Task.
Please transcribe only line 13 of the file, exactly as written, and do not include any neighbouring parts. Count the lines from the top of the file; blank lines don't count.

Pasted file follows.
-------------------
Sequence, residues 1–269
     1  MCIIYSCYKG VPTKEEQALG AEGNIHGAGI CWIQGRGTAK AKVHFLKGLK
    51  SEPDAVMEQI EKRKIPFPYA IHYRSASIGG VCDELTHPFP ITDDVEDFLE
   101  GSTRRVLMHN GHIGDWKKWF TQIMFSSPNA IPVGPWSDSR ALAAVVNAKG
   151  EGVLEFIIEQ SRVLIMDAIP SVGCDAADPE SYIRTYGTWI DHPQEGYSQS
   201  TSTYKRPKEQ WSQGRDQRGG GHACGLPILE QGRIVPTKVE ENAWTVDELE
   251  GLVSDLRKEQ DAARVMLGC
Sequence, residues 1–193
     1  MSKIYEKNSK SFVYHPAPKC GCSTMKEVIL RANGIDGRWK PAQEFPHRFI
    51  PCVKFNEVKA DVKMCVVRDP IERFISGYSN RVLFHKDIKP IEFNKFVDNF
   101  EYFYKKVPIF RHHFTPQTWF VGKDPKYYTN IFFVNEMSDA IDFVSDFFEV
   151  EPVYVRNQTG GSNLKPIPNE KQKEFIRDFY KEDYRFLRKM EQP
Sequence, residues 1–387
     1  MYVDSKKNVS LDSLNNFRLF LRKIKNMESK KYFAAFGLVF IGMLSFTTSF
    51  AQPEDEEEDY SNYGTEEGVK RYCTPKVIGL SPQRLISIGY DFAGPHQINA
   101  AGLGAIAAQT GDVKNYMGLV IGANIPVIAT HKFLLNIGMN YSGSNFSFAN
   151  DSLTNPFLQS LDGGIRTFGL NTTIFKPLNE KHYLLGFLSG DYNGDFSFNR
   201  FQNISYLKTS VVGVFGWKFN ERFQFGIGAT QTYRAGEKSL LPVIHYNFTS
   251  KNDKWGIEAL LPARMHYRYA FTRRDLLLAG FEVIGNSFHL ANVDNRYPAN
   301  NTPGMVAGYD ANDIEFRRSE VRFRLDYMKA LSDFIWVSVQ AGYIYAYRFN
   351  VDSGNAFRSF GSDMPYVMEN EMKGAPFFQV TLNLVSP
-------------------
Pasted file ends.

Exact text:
Sequence, residues 1–387